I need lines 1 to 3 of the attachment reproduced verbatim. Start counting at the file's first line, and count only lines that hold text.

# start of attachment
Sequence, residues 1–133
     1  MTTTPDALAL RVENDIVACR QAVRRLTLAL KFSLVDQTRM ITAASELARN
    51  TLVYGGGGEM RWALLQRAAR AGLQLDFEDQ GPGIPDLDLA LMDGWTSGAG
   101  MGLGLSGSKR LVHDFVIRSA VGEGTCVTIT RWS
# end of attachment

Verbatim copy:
Sequence, residues 1–133
     1  MTTTPDALAL RVENDIVACR QAVRRLTLAL KFSLVDQTRM ITAASELARN
    51  TLVYGGGGEM RWALLQRAAR AGLQLDFEDQ GPGIPDLDLA LMDGWTSGAG